For conventional currency markets trading in the monies of stable, profitable countries, the fluctuations within the value of each currency is measured in fractions of a penny. Bitcoin values, on the other hand, rise and fall dramatically throughout each trading day, jumping in whole dollar amounts. This means that if you don't have your act together and place a transaction order at the right time, you will lose magnitudes more cash than you would have trading dollars for yen. The value of Bitcoin as a whole, for example, dropped more than 50 percent over the 36 hours after China banned the cryptocurrency. A lot of speculators lost their shirts during that day. And it will almost certainly happen again.

What's more, unlike traditional arbitrage play, the inherent volatility of the BTC market all but forces investors to offload their coins as quickly as possible to avoid getting caught in a crash. However only when investors hold onto their digital commodities for longer periods of time will the market actually stabilize. It's a catch-22. And without commercial institutions like banks, which have huge reserves of liquid capital they can rely on, individual investors often can't afford to just sit on their Bitcoin and wait for a rainy day.

Conversely, if one were to take the super-long view and, say, bought a few shares in 2012 at a sub-$100 price point, even with Bitcoin dropping half its peak value, that investor would still theoretically make over a 600 percent return on his investment just by waiting. Granted, the sub $100 days are likely now over, what with the currency's new-found stardom so we'll have to wait and see how the market plays out.

Even those big hits, though, come with big tax implications. As Forbes contributor Cameron Keng points out:

Bitcoin is taxable, whenever a taxable event occurs. A taxable event is whenever you cash out your bitcoin for any fiat currency (dollars, euros and etc.) or when you trade a bitcoin for anything (bartering). In taxation, bitcoin is best understood as an "asset." Whenever you hold an asset, it can increase or decrease in value. When you trade the bitcoin for fiat currency, then you're trading an asset for dollars. It works the same way as when you trade gold bullion for dollars.

Bartering or exchanging bitcoins for anything is also a taxable event. For example, Bob trades 1 bitcoin for a year's worth of hugs. Bob traded or bartered 1 bitcoin for a year's worth of hugs or a service. This is a taxable event. The same is true, if you traded 1 bitcoin for a tangible or intangible object. This even applies if you're trading 1 bitcoin for another bitcoin.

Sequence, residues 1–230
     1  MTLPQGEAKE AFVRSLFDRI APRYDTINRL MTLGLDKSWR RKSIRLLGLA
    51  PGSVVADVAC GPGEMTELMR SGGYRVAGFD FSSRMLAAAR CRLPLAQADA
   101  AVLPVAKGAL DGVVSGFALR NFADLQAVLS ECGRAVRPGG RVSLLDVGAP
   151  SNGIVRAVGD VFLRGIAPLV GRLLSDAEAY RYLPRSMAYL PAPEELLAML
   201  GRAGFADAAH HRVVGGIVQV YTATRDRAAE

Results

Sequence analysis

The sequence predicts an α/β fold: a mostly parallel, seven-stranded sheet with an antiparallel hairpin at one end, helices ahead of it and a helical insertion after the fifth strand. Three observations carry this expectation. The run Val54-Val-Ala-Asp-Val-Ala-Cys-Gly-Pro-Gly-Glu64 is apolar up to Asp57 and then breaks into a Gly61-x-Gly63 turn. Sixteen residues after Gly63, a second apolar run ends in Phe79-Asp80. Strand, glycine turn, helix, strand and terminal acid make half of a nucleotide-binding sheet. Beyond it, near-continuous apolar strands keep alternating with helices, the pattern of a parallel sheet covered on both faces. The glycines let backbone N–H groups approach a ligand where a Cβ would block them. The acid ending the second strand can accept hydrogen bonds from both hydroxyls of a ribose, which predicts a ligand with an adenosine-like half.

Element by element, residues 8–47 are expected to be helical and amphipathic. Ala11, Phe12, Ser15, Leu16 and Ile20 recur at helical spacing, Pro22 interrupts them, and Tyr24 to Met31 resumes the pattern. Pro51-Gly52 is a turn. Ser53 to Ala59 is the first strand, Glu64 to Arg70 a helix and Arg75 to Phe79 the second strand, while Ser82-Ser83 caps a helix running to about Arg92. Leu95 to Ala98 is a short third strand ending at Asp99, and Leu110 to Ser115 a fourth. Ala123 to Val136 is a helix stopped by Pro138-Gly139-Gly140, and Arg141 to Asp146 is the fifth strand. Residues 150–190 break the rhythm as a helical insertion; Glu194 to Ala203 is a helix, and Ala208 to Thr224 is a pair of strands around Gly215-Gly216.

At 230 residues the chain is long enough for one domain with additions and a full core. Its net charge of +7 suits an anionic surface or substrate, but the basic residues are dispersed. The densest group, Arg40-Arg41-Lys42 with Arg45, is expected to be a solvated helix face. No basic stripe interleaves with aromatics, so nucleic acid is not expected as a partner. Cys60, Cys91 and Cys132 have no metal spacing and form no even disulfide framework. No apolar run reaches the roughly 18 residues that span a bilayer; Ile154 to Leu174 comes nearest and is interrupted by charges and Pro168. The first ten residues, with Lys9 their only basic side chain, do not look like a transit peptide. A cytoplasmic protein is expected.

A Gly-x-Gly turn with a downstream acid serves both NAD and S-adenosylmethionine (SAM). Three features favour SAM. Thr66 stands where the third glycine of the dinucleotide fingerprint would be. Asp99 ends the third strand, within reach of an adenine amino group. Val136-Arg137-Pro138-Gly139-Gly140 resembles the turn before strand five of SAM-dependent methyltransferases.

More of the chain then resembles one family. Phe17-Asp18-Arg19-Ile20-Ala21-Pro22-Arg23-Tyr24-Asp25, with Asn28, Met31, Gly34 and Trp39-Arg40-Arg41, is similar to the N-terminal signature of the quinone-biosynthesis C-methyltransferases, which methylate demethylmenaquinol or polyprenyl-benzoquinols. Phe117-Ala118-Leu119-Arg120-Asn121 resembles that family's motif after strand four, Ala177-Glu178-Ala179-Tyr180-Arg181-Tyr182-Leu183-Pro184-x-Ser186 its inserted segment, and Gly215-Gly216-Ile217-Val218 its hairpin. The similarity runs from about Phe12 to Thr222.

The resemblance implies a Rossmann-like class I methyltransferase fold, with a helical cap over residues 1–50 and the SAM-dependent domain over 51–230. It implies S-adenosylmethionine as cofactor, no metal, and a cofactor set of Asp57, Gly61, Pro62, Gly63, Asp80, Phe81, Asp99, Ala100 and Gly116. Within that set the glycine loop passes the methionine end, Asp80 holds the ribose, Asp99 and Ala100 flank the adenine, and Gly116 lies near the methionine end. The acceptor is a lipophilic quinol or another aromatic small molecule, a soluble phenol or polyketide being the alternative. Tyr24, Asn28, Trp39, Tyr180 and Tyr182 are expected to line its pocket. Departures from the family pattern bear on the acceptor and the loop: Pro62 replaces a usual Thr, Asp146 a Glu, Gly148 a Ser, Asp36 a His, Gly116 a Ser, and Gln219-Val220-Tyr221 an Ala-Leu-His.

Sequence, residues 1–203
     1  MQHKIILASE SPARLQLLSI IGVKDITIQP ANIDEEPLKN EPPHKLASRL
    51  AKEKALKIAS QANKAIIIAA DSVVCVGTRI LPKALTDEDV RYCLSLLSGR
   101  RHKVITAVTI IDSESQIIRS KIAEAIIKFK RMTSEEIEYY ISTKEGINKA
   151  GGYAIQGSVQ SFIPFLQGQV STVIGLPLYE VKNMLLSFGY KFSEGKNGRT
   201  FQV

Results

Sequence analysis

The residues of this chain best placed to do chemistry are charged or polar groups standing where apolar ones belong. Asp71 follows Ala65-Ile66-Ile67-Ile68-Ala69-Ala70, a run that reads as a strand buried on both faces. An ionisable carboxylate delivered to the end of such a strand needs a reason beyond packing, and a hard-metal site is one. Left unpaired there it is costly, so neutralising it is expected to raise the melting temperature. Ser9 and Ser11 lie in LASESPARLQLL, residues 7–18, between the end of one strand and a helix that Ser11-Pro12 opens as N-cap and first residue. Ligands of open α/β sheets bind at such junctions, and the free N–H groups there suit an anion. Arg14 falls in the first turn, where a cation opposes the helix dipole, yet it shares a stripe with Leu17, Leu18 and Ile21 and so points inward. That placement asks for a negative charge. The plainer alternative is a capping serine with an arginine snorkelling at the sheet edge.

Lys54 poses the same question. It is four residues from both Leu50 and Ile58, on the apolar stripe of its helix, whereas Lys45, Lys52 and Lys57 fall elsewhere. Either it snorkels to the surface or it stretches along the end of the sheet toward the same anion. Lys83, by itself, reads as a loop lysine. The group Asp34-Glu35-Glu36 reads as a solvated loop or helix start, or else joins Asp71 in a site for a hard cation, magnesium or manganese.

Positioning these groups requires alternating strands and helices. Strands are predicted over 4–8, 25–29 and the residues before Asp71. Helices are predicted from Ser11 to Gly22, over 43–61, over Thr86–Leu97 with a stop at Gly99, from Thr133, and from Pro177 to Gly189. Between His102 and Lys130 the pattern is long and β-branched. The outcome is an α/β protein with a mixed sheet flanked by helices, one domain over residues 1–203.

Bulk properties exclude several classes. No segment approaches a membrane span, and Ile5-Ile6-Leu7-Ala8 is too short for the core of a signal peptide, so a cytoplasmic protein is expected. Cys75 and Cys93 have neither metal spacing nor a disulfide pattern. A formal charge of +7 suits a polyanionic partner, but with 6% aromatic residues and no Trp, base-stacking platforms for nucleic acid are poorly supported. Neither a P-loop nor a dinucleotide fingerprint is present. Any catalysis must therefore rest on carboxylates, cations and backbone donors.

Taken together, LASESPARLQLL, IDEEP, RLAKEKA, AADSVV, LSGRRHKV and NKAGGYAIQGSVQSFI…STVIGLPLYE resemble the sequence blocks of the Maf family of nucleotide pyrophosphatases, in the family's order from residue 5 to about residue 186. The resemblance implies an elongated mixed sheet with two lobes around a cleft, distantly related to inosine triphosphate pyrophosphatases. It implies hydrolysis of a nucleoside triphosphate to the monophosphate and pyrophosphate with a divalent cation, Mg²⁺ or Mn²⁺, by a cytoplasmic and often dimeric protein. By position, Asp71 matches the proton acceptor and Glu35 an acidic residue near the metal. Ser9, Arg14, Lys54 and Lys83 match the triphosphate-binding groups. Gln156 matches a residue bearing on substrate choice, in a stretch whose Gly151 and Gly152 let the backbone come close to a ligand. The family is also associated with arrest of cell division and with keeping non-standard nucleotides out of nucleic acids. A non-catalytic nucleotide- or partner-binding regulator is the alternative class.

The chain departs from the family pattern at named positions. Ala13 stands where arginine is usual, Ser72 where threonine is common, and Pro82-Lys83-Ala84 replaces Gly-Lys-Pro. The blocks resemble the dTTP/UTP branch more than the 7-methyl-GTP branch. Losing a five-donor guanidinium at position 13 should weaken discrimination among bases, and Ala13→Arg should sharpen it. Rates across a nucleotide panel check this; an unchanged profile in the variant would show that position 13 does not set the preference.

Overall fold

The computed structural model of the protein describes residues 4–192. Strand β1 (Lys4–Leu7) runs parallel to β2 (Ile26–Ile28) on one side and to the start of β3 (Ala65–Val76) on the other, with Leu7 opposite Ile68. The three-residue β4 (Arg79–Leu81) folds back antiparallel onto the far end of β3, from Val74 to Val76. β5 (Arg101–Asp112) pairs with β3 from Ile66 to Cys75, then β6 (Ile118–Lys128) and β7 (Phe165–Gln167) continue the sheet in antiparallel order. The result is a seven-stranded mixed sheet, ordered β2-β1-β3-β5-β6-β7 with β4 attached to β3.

Simply put, if Bitcoin is to be treated like legitimate currency, it's going to be taxed like legitimate currency.

Nor should you assume that your Bitcoins are completely secure either. As Mark Vankempen, senior advanced R&D engineer at LogRhythm, explained to the IT Business Edge:

A BTC wallet is like a real wallet filled with cash. You should never keep all your eggs in one basket and the BTC wallet is no different from this age old idiom. So far there is no air tight solution to keeping your BTC safe and secured...the following action items that can help protect your BTC investment: Backup and encrypt your wallet, make multiple copies of your backup, store them in more than one secure location and finally, don't keep all your BTCs in one wallet.

Don't pull a Bitomat.pl. This former mining company lost 17,000 BTC (worth about 14.5 Million USD) during a routine maintenance restart when the server hosting the company's digital wallet ate itself.

The Bitcoin's meteoric rise in value and the relatively low risk of being caught stealing it have also combined to make the currency a huge target for cyber criminals. Smaller online exchanges that have skimped on security systems can be hacked. The Sheep Marketplace, for example, had 96,000 Bitcoins (worth $220 million) stolen earlier this year, as did GBL and Tradefortress. Criminals also routinely target internet-connected computers that store individual Bitcoin wallets, attacking them with everything from malware and phishing tactics to old-fashioned social engineering. And as recently as last November, thieves stole nearly a million dollars worth of Bitcoin from Bitcoin Internet Payment System (BIPS), a Denmark-based Bitcoin payment processor.

In short, even if you trade Bitcoin brilliantly, you're still susceptible to giant losses the good ol' fashioned way: theft.

What's Next?

Regulation. It's the only way to bring the BTC markets under control, push out the criminal element, and make them safe for commercial interests to enter. While some investors see the upcoming regulatory crackdown as a death knell of the Bitcoin, it should actually do the opposite and finally reign in the currency's wild value fluctuations. Just as the crash of the poorly monitored sub-prime mortgage market led to the Great Recession, allowing the Wild West days of Bitcoin trading to continue will only lead to more and bigger crashes.

[Forbes 1, 2 - Bitcoin.it - Bitcoin.org - Campbx - IB Times - Vice - IT Business Edge - Bitcoin Charts - Top Image: 123dartist]